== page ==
Above: The Nymphaeum from afar.

Below: The almonds in the Bois de Marie.

Below: The trench for the stormwater pipe from the courtyard to the site where the bridge will cross over the brook

Thursday, June 26, 2014

Craggy Range Winery and our Hawkes Bay Mini-break...


When I was home Peter and I took a mini-break down to the Hawke's Bay. It is a lovely part of New Zealand, where I spent six months as a registrar in a large rural hospital in the middle of amazing wine country. I stayed in Havelock North, a very nice township, just 5 minutes down the road from several wineries, including  Craggy Range. It transpires that it was our builder who built Craggy Range winery! Here are some pictures of the winery...


Peter and I stayed with friends that run a B&B down there, and collected four wine barrels from The Mission Estate  winery to bring home for use at Willowbrook. There are a few ornamental uses we have thought of for them...


Peter also got a one-on-one lesson on how to prune our vines this winter from an expert who prunes the vines for Villa Maria, Church Road, and Esk Valley Estates among other prominent NZ Vineyards...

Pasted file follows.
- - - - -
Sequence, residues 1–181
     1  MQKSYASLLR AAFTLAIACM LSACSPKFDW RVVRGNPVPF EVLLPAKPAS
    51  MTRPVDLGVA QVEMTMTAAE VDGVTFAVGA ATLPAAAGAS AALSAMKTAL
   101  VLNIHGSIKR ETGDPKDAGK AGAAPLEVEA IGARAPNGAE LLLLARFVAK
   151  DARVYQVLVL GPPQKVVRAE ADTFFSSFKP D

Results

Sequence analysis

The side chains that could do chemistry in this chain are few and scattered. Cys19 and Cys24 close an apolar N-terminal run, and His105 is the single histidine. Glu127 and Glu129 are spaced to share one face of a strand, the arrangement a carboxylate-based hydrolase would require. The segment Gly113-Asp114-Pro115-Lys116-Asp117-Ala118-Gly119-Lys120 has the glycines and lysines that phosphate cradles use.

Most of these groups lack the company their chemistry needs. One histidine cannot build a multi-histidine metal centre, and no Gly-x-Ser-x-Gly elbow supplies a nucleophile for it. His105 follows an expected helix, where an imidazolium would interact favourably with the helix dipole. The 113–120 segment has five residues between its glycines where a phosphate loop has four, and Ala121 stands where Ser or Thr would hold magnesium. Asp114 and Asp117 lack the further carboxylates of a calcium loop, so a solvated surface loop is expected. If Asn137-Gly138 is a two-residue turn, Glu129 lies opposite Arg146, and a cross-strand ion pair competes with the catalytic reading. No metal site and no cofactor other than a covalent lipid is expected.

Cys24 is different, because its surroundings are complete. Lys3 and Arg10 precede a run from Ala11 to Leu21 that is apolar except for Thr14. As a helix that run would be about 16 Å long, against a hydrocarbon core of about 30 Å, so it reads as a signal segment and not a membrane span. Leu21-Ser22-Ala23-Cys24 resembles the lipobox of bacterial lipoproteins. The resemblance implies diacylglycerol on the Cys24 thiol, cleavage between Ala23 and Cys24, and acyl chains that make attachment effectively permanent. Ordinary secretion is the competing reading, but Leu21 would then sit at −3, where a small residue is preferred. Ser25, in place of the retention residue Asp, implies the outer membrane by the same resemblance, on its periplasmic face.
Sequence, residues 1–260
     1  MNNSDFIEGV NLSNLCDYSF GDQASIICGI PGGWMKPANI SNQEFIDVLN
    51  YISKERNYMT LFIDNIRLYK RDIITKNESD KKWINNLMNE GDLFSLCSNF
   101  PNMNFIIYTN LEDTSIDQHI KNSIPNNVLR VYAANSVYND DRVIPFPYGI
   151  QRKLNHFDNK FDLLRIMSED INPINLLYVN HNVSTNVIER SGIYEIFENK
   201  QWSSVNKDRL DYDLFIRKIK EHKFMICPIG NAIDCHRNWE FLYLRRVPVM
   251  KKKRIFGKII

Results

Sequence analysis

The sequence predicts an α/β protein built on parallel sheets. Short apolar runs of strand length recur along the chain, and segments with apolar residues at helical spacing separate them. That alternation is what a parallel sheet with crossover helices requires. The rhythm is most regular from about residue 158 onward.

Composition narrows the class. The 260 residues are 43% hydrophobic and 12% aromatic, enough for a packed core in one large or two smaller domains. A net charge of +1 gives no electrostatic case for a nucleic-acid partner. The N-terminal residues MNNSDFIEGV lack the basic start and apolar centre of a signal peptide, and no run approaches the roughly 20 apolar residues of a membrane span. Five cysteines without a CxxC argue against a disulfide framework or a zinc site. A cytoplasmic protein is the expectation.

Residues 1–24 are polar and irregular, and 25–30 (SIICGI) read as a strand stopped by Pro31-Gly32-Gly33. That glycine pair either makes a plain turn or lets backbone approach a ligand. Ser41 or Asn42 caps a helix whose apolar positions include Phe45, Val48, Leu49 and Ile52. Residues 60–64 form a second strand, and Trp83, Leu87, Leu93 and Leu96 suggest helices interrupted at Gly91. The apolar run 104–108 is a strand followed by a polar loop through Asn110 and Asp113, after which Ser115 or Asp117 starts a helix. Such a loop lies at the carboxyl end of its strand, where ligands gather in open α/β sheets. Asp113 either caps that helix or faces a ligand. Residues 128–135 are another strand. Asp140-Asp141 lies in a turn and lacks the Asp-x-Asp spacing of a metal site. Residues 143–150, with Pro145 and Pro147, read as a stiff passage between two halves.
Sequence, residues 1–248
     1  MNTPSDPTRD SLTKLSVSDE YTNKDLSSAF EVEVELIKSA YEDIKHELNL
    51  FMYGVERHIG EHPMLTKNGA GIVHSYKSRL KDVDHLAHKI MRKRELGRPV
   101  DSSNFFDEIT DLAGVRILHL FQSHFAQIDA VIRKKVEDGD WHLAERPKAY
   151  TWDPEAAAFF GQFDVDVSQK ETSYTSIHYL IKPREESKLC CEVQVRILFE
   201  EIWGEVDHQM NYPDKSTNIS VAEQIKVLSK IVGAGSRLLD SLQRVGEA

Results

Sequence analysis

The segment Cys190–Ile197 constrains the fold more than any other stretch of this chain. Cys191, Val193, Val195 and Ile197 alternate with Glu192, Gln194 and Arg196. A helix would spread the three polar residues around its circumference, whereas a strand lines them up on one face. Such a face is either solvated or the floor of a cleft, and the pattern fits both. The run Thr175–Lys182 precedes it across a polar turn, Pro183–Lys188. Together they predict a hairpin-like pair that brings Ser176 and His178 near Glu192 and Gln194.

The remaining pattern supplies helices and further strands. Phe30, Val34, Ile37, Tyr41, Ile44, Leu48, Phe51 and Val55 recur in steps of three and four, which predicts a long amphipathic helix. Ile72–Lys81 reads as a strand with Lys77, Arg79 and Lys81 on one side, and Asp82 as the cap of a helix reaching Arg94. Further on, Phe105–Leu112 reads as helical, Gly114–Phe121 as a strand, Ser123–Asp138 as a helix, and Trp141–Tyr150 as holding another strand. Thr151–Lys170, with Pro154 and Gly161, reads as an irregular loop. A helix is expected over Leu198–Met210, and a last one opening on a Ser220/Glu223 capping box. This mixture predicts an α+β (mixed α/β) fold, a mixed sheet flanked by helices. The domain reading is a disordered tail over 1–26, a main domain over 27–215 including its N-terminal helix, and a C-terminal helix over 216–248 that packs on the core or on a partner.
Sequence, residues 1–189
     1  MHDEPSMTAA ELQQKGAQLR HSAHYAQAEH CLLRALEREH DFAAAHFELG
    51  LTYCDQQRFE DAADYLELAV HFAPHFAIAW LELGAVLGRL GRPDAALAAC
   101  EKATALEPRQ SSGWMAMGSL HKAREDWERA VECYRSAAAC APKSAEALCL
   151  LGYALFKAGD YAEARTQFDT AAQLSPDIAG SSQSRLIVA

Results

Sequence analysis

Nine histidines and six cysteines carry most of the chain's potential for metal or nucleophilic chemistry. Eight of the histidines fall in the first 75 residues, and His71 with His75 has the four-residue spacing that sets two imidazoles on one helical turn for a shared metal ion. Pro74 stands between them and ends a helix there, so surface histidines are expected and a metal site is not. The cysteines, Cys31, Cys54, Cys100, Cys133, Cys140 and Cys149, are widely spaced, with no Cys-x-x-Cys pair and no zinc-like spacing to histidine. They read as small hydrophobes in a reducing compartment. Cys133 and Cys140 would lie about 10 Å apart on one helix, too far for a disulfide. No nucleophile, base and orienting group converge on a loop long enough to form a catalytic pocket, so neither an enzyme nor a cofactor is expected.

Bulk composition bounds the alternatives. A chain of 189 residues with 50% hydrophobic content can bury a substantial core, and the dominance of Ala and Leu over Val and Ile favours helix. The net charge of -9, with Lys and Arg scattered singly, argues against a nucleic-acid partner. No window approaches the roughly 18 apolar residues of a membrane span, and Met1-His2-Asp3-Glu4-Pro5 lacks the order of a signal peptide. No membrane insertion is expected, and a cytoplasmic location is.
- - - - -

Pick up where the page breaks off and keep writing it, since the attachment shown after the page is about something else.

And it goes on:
There are many methods for pruning a grapewine, but the method we will use and which Peter had lessons on is known as spur pruning. This allows one to have a permanent cordon (main vine). This is the traditional French style of pruning. It allows you to grow a nice thick, visually pleasing vine and simply prune back the newly grown spurs to this cordon each year. This is in contrast to cane renewal pruning, in which the best cane left on the trunk at the end of the season is selected to become the new cordon for the following year.

Above: Vines grown with a permanent cordon.

First you select the cane you wish to become your main cordon, prune it and tie it to your main wire...

We did this last year, and so this winter we will now start to spur prune. You need to trim the cordon so that it has about seven spurs on it (at most ten)... 

Each spur is pruned back to 2 buds above the main cordon...

Too many spurs = too many bunches of grapes, which dilutes the flavour and vigour of each bunch. Each spur should be about a hand space apart...

The finished product: a trunk with a permanent cordon going each way along the wire, each side having 7-10 spurs, 2 buds long... 

Update 29 June: putting Peter's pruning lesson into practice!
Above: Vineyard prior to pruning.

Below: After.

Finished product: a beautiful cordon... 

Deadwood...